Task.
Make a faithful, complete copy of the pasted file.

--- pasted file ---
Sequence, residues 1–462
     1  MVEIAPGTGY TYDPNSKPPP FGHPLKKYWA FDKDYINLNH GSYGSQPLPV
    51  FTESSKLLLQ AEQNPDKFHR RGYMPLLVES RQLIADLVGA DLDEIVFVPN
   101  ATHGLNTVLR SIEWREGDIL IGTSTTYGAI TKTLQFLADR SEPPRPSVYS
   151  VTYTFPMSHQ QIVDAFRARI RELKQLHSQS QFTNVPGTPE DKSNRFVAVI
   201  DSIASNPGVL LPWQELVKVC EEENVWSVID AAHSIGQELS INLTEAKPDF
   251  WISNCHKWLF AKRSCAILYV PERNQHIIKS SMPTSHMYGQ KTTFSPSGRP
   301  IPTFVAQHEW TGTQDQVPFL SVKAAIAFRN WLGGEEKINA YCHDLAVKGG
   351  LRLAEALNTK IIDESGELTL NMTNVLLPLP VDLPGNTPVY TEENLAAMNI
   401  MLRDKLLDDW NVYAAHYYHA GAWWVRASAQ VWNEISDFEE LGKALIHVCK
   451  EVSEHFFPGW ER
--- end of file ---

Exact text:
Sequence, residues 1–462
     1  MVEIAPGTGY TYDPNSKPPP FGHPLKKYWA FDKDYINLNH GSYGSQPLPV
    51  FTESSKLLLQ AEQNPDKFHR RGYMPLLVES RQLIADLVGA DLDEIVFVPN
   101  ATHGLNTVLR SIEWREGDIL IGTSTTYGAI TKTLQFLADR SEPPRPSVYS
   151  VTYTFPMSHQ QIVDAFRARI RELKQLHSQS QFTNVPGTPE DKSNRFVAVI
   201  DSIASNPGVL LPWQELVKVC EEENVWSVID AAHSIGQELS INLTEAKPDF
   251  WISNCHKWLF AKRSCAILYV PERNQHIIKS SMPTSHMYGQ KTTFSPSGRP
   301  IPTFVAQHEW TGTQDQVPFL SVKAAIAFRN WLGGEEKINA YCHDLAVKGG
   351  LRLAEALNTK IIDESGELTL NMTNVLLPLP VDLPGNTPVY TEENLAAMNI
   401  MLRDKLLDDW NVYAAHYYHA GAWWVRASAQ VWNEISDFEE LGKALIHVCK
   451  EVSEHFFPGW ER